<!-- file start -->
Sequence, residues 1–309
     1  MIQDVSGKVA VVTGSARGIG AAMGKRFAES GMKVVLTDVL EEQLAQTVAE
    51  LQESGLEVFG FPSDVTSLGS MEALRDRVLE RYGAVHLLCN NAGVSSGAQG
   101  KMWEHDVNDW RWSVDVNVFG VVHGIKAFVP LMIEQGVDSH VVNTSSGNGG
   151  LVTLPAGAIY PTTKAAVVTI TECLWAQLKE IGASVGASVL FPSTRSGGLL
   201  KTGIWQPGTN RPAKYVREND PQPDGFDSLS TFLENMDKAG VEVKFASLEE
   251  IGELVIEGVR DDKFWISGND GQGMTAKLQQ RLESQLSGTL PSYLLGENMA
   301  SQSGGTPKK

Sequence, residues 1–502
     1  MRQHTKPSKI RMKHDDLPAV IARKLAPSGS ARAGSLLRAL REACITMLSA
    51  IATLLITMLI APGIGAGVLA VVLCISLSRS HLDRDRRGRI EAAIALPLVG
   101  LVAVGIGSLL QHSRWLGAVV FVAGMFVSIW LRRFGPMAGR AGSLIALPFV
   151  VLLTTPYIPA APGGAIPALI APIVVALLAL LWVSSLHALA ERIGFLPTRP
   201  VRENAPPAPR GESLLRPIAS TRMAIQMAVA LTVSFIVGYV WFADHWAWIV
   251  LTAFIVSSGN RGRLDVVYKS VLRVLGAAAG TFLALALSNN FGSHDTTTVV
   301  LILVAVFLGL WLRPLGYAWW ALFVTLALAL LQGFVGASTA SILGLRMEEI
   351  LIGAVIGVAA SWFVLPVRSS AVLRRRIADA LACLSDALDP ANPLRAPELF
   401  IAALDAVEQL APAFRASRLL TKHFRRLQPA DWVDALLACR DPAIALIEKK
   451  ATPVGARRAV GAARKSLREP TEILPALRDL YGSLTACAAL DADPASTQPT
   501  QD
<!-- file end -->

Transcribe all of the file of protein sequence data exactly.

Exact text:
Sequence, residues 1–309
     1  MIQDVSGKVA VVTGSARGIG AAMGKRFAES GMKVVLTDVL EEQLAQTVAE
    51  LQESGLEVFG FPSDVTSLGS MEALRDRVLE RYGAVHLLCN NAGVSSGAQG
   101  KMWEHDVNDW RWSVDVNVFG VVHGIKAFVP LMIEQGVDSH VVNTSSGNGG
   151  LVTLPAGAIY PTTKAAVVTI TECLWAQLKE IGASVGASVL FPSTRSGGLL
   201  KTGIWQPGTN RPAKYVREND PQPDGFDSLS TFLENMDKAG VEVKFASLEE
   251  IGELVIEGVR DDKFWISGND GQGMTAKLQQ RLESQLSGTL PSYLLGENMA
   301  SQSGGTPKK

Sequence, residues 1–502
     1  MRQHTKPSKI RMKHDDLPAV IARKLAPSGS ARAGSLLRAL REACITMLSA
    51  IATLLITMLI APGIGAGVLA VVLCISLSRS HLDRDRRGRI EAAIALPLVG
   101  LVAVGIGSLL QHSRWLGAVV FVAGMFVSIW LRRFGPMAGR AGSLIALPFV
   151  VLLTTPYIPA APGGAIPALI APIVVALLAL LWVSSLHALA ERIGFLPTRP
   201  VRENAPPAPR GESLLRPIAS TRMAIQMAVA LTVSFIVGYV WFADHWAWIV
   251  LTAFIVSSGN RGRLDVVYKS VLRVLGAAAG TFLALALSNN FGSHDTTTVV
   301  LILVAVFLGL WLRPLGYAWW ALFVTLALAL LQGFVGASTA SILGLRMEEI
   351  LIGAVIGVAA SWFVLPVRSS AVLRRRIADA LACLSDALDP ANPLRAPELF
   401  IAALDAVEQL APAFRASRLL TKHFRRLQPA DWVDALLACR DPAIALIEKK
   451  ATPVGARRAV GAARKSLREP TEILPALRDL YGSLTACAAL DADPASTQPT
   501  QD